Why You Hate Kids: An Addendum

So last week, @JacintaNandi wrote on her Exberliner blog, Amok Mama that people in Germany hate kids. Or, in her words:

“In Germany in general and Berlin in particular, it is really, really cool to hate kids. Kids are loud, kids are annoying, kids are stressful, kids are kind of disgusting. People complain about kids on the U-Bahn, people complain about kids at the lake, people complain about kids in the supermarket and people complain about kids in the Hinterhof. People complain about Prenzlauer Berg yummy mummies, those smug slags with their Kinderwagens bigger than an SUV. People complain about bad parents, those useless losers whose kids are totally out-of-control on public transport. People complain. About kids. A LOT.”

This, I have to say, is not a statement I disagree with. There’s a lot of hatred toward children going on. But it’s not a phenomenon limited to Germany, nor to Berlin. It’s rampant in the Western world, and has been for generations. It’s just taking on new forms. And becoming more obvious in major metropolises.
There’s a good reason for the hatred: kids are narcissists. And everybody hates narcissists. Especially the grown-up narcissists. You can’t appreciate anyone else’s narcissism when you’re totally wrapped in your own, now can you? And a kid screaming at the top of his lungs because he hasn’t gotten his own way is a total intrusion on your well-earned god-given right to silence in the supermarket. Verdammt nochmal!
Kid hatred’s grown because our privileged culture’s sense of entitlement has grown. We have rules and expectations for how our lives will work and kids come shrieking across the stage on which our lives are being acted out and destroy fucking everything. Because they’re living their lives in the only way they know how: totally self-centered.

In Germany, especially in these examples Jacinta’s given above, this is more visible because we live in a culture of silence. People here are like fucking librarians — me included — shushing everyone in sight, at least until they get drunk. Kids shatter that silence, and we don’t notice this in the Anglo-Saxon world because English speakers are the loudest people on the planet, always walking dramatically into a room and begging for attention with our booming voices. Ever see anybody get a stare down for using their mobile phone on the subway in the States? No, because everybody does it. A couple years back, on a post-rush hour commuter train, an American next to me mused that it must be illegal to use your cell phone on the train because she could see no other reason why the commuters wouldn’t be using theirs. Um, respect? I told her. Because Germans will tell you you’re being an asshole if you do? It’s the same with kids. If they break the golden rule of silence in Germany, they are going to get tutted. It’s how the culture here works, like it or not.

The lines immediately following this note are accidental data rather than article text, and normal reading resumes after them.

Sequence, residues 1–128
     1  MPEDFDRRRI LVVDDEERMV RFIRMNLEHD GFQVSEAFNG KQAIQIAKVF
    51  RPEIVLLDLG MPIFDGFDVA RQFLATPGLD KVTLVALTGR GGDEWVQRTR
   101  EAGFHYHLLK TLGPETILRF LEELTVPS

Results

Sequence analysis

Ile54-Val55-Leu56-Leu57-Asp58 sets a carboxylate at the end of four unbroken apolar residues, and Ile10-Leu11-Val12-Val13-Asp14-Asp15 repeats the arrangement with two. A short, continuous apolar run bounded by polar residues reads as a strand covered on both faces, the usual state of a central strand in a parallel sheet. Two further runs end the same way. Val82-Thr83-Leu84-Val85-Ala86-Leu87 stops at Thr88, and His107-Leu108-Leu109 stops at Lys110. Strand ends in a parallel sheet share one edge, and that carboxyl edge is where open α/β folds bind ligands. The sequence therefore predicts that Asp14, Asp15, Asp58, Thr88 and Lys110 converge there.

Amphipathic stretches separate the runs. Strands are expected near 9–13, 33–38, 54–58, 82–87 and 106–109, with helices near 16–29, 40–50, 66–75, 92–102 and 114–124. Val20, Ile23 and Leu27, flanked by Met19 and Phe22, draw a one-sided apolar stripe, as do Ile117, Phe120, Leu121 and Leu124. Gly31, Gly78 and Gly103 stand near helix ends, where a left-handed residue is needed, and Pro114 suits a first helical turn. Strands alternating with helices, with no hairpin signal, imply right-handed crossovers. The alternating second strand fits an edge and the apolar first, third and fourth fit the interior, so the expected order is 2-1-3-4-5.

I think what Jacinta gets wrong in this article is narrowing this kinder-feindlichkeit to Germany. It’s not an exclusively Teutonic hatred. Hell, I think German kids are waaaaay better behaved than some of the monsters I saw in the States. No wait, I take that back. The kids act the same — it’s the adults who are way worse behaved in the US. When I got on a Lufthansa flight from Germany, not a single person batted an eye and the flight attendants were phenomenally helpful. When I hit up a cross-country flight in the US a few months later, I got, at the end of the flight, thank yous from other passengers for, “controlling my child” and therefore making the six hour journey less hellacious than those around me had anticipated. Never mind that I had just left my husband and was about to have a nervous breakdown, of course I am totally fucking aware of YOUR need for peace and quiet to read some shitty romance novel you’re about to tuck into the seatback and forget every word of. The difference is that Americans and Brits passive-aggressively seethe about the kids around them and then go online to bitch about it. Or the parents try and avoid the confrontation altogether by handing the kid an iPad and making it suck down some Benadryl. The hatred is there, it just takes a different form.

Which is unfortunate, I must say, because kids are generally pretty awesome. I don’t believe that all children are inherently good, just as strongly as I believe that there are some parents who need to learn how to parent. But I also don’t believe that I’d have the same response as Jacinta would to a woman who’d asked me to quiet my kid. I wouldn’t, or we wouldn’t, as she says: “cringe and we bow down, we say sorry, we shrug our shoulders apologetically, we whisper to our kids to be quiet. We basically try to take up as least space as possible. Because we know we’re the most worthless people in society. Because we know we don’t ‘deserve’ to be here.”